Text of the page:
The Department of Justice (DOJ) announced on September 12 the first-ever settlement under the False Claims Act (FCA) with a Paycheck Protection Program (PPP) lender. Prosperity Bank, a Texas-based regional bank, has agreed to pay $18,673.50 to resolve allegations that it mishandled a PPP loan on behalf of an ineligible applicant.
In May 2021, Prosperity Bank approved and processed a $213,400 PPP loan for a pain management practice in Houston. The PPP application included a question asking whether the applicant (or anyone with more than 20% equity) was the subject of an indictment, criminal investigation, indictment or other criminal charges in a jurisdiction. The doctor who wholly owns the pain management practice was facing criminal charges at the time of the request, but checked the “No” box in response to this question.
The government alleged that Prosperity Bank employees knew the doctor was facing criminal charges and was therefore ineligible to apply for the PPP loan. However, the bank processed the request and falsely awarded the money. Prosperity Bank received a 5% processing fee of $10,670, which the government claimed it was not entitled to receive.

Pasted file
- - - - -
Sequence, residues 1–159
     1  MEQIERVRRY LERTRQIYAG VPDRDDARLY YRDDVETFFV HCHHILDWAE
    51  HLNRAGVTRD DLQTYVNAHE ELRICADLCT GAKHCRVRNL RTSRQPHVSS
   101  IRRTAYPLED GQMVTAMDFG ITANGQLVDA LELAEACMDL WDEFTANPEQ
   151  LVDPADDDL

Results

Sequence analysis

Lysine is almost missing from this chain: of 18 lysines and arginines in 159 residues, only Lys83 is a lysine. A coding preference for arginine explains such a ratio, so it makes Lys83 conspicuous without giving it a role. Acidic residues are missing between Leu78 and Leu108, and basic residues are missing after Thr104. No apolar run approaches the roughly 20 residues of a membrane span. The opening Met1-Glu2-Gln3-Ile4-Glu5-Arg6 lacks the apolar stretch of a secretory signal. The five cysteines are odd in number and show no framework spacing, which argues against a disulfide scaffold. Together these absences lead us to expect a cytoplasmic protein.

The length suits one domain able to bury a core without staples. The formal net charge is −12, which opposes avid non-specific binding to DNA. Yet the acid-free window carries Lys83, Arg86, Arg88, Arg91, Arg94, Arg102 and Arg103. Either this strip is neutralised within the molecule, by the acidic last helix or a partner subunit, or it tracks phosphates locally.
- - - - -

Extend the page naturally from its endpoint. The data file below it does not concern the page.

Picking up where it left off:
The doctor-owner has agreed to pay $523,331 to resolve his liability arising from the fraudulent medical billing and submission of the bogus PPP loan application. The DOJ noted that the settlement amount paid by Prosperity Bank reflects the bank’s cooperation with the investigation and the implementation of additional compliance measures.
As highlighted last month, the DOJ has stepped up enforcement actions involving the PPP and other CARES Act stimulus programs. The DOJ’s September 14 announcement of three additional DOJ Strike Force teams focusing on COVID-19 fraud is further evidence that the DOJ intends to bring more cases related to PPP and other pandemic relief programs. Prosperity Bank’s FCA rulebook warns that other lenders who have approved loans for ineligible applicants could be subject to such DOJ actions. Other lenders who approved ineligible applicants could be accused of relying on certifications that they knew or should have known were false.